Chapter Five of the work plan, entitled, ‘Agenda of the Institute’, after listing an eight point agenda, proceeds to expound on the stages of the agenda under seven headings. In an earlier paper produced by him at 1982 conference, Faruqi presented the same idea under Section V, ‘The Work Plan’; there, however, five objectives were itemised and 12 steps identified.(28) The latter makes for easier reading while the former is far less precise and rather cumbersome. The first objective in the work plan, for example reads “to create awareness in the Ummah of the crisis of ideas. This involves enlightening the Ummah about the place and methodology of the crisis of Islamic thought in the perspective of its cultural and civilisational existence.” The first objective in Faruqi’s paper reads, “to master the modern disciplines.” Similarly the steps as expounded in both documents, even when they make easy reading, will nevertheless leave the reader wondering what precisely is intended or how exactly it is to be carried out. The steps (whether seven or 12) taken together, from the mastery of modern disciplines to the mastery of Islamic legacy, then a critique of both and a recommendation for the rewriting of modern disciplines along Islamic lines which are then disseminated through the writing of textbooks, reads very much like a dream. Mastering the Islamic legacy may be easy to understand, but how do we really master the modern disciplines? The document does not elaborate upon this, but the impression one gets is that it is as easy as going to a university ( a Western one I suppose) to obtain a doctorate, but certainly this is not mastery of the discipline. So where does the mastery begin? This looks like a gross oversimplification of a very arduous and tedious process which may spread over half a century or so, for before one can hope to master a subject one has to first walk ones way to the frontiers of the discipline. This requires such levels of seriousness, dedication and resources that are simply not on the ground for now.

In setting out the “agenda objectives” the Work Plan has the sagacity to appreciate that “its success does not exclusively depend on the efforts of the Institute” and has therefore invited “every sincere Muslim, indeed, all concerned Islamic organisations struggling to re-establish Islamic order and civilisation” to partake in this “plan for Islamising Knowledge; for reforming the contemporary mode of Islamic thought; for reviving its methodology; and for restoring its dynamic originality, creativity and ability”.(29) Some Muslim individuals and institutions have since responded. A university in Nigeria, for example, recruited a substantial number of graduate assistants for the purpose, but it is difficult to see how someone just grappling to understand the subject itself, much less master it, could Islamise it. Where the Islamization of the disciplines has begun, it has already gone to the ridiculous level of Islamising the English language. One is not sure why English has been chosen for Islamization or how that is going to be done or which language will follow next, perhaps English, French, then German, Russian, Chinese …? It is amazing how the obvious link between language and society can be so recklessly ignored. Even al-Attas who feels very strongly about languages will not encourage this futility, for he knows only too well that language is nothing but an expression of the culture and world view of a people. As he once observed, “language, thought and reason are closely interconnected and are indeed interdependent in projecting to man his world view or vision of reality”.(30) The IIIT cannot be held responsible for what people make of their objectives; Taha Jabir, a, if not the, leading figure, makes this very clear in a recent paper.(31) But the significance of this paper, which appears to be an update to the Work Plan, is in clarifying the contemporaneous and experimental nature of the scheme, stripping it of what ever finality some may have inferred on it. The Islamization of knowledge school, as he calls it, “is keenly aware of the workings of time on ideas as they pass from stage to stage and mature, and is therefore the first to point out that the “Islamization of knowledge” is not to be understood as a set of axioms, or a rigid ideology or a religious movement”.(32) In fact, he went further by inviting people to make contributions that can enrich this idea. One cannot agree more, but it is by criticism that ideas are enriched and not by praise. In fact it seems necessary to re-examine the whole idea of the Islamization of knowledge not only to separate the chaff from the grain, as it were, but also to put the challenge in perspective. It is in this light, that a few issues are being raised below, for what they are worth.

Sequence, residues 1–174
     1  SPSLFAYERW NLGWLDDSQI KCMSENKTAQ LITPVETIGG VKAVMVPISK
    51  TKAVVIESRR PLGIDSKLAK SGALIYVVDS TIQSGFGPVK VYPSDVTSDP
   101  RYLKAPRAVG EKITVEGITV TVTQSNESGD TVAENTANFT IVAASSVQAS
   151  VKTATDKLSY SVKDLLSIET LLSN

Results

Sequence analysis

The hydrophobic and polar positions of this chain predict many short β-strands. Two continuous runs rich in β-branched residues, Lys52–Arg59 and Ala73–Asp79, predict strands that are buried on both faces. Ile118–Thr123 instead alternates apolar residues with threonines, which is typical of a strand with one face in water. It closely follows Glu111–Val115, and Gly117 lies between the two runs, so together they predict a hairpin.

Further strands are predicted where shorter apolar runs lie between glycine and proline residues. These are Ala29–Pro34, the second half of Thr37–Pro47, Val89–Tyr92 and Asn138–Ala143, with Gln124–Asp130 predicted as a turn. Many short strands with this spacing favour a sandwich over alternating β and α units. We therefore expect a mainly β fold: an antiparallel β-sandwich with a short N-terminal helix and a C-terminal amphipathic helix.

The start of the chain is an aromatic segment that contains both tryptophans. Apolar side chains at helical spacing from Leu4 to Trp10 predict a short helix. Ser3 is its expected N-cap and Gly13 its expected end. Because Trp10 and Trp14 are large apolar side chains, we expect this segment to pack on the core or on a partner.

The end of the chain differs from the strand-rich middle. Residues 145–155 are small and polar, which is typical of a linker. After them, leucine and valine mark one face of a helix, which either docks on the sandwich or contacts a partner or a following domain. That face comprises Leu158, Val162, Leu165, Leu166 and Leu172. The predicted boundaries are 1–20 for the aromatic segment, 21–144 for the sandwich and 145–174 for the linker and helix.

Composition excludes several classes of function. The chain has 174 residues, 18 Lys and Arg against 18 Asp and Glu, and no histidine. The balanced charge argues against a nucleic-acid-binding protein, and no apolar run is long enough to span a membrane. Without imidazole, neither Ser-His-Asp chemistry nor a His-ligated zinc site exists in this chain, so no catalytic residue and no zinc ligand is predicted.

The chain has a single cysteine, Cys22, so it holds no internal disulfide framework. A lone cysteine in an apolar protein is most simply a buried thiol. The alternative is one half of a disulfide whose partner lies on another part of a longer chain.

The Challenge in Perspective

 1. Delineation of the Problem

There doesn’t seem to be any problem in agreeing that the Muslim Ummah has a problem, some would say, a very serious one indeed. But there seems to be a problem in pinning it down. Even when we agree that the intellectual crisis is the at the root of the problem and therefore the most important and the most pressing consideration, it seems difficult to agree on the solutions. The Islamization of knowledge is at best one solution among others and for it, or any other solution for that matter, to survive, it has to face the scrutiny of all and sundry, adjusting and evolving, and eventually standing the test of time. In this matter the criticisms are more important than the praises. Praise, it should be pointed out, is particularly dangerous, especially when it comes too early, not only because it gives an idea of early victory and tends to make people rest on their laurels, but also because it sends the mind to sleep. So one should rather look at the problems associated with the Islamization of knowledge, and there are quite a number: